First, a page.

For Smith, the sheer level of physical fitness that athletes can achieve through playing soccer is virtually unrivaled. “Soccer is one of the few sports that is multi-dimensional when it comes to development,” he said. “It touches on hand-eye coordination, it touches on foot dexterity, it touches on cardiovascular development, and all these other different key development factors within athletes. It’s more of a free-flowing game with limited stoppages, versus basketball or football or golf. It’s continuous play. And soccer games are also considerably longer than football games or basketball games. One half of a soccer match is the length of an entire basketball game.”
 
ROWING
The Organization
TC Tritons Rowing partners with the Learning, Enrichment & Athletics Program (LEAP) through Traverse City Area Public Schools (TCAPS) to offer recreational rowing for middle school students and competitive rowing for high school students. Parents can get involved too: Tritons Rowing hosts a “parents learn to row” day once per season and is affiliated with the Traverse Area Community Rowing (TACR). That’s a convenient and fun bonus: Parents who decide to start rowing competitively with TACR can often compete in races at the same regattas where their kids are competing.
 
The Cost
According to Chris Bott, head coach for Tritons Rowing, the cost-per-season for rowers rangers from $385 to $725. The variable is whether rowers and their families decide to participate in the fundraising opportunities the program offers or write a check to cover the full cost. These fees cover all expenses, including boats, safety equipment, stipends for coaches, and travel to regattas (including transportation, hotel costs, meals, and race registration fees). Bott says that Tritons Rowing is actually on the lower end for rowing programs in the state of Michigan, which typically cost between $475 and $750 for a season.
 
The Time Commitment
Bott says the main time commitment for rowers is 12 hours of practice a week (during the spring and fall seasons) and 10 hours a week during the summer season. In the fall and spring, those practices occur from 5pm to 7:30pm Monday through Thursday, as well as every Saturday from 8am to 10am. In the summer, practices are 7am to 9am Monday through Friday. The program also schedules three regattas per season, which vary in travel time based on whether the competition location is close (Grand Rapids) or far (Cleveland or Toledo). Usually, regattas involve a Friday and Saturday commitment, between travel and competition. The optional fundraising opportunities can also add between three and eight hours of commitment each season.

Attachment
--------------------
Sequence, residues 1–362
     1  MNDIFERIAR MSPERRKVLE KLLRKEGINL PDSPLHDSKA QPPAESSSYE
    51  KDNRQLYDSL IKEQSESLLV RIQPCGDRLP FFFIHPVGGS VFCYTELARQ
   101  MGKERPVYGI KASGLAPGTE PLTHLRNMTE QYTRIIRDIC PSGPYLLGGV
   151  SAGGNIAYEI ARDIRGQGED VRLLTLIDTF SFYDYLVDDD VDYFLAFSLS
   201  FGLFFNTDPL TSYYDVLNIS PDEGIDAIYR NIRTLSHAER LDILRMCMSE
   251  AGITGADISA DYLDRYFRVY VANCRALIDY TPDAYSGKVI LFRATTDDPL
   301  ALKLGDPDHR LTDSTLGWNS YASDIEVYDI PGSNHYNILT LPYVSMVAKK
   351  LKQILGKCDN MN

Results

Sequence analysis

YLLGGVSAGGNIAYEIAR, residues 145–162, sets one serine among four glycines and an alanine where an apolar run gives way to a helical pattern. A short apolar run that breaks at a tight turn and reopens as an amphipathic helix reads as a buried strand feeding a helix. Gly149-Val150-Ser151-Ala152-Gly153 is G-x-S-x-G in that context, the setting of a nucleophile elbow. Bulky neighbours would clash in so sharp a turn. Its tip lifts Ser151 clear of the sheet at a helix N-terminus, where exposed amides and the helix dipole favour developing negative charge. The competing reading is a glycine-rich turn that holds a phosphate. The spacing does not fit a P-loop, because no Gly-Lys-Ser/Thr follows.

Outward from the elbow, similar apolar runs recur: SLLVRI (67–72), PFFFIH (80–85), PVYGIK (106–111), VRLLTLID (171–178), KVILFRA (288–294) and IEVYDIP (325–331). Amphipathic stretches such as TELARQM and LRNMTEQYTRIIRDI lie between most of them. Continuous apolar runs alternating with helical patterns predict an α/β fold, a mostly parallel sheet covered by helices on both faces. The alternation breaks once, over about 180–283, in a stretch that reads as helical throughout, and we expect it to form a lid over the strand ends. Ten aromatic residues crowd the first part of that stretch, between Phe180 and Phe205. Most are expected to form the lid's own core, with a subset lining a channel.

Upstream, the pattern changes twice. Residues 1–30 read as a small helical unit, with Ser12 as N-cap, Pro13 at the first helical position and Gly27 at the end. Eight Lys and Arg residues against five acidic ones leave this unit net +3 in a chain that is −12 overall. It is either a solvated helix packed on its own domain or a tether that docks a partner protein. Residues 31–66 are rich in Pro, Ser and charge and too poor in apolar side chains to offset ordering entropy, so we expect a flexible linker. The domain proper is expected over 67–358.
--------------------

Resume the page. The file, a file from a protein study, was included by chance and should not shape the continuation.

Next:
The Biggest Challenge
For Bott, the biggest challenge of rowing is obvious: the amount of physical exertion the activity involves. While races are usually eight minutes or less, Bott says studies have shown that the body goes through the same amount of physiological exertion in those eight minutes as it would over the course of two full basketball games played back to back without breaks or timeouts. Since rowers typically have two or three races per regatta, they tend to give a lot of themselves over the course of a competition day. “Rowing is a complete head-to-toe sport,” Bott said. “You are going to use every major muscle group in the body, combined with intense physical endurance. The better you are at it, the more effortless you make it look. But the more effortless it looks, the harder you’re actually working.”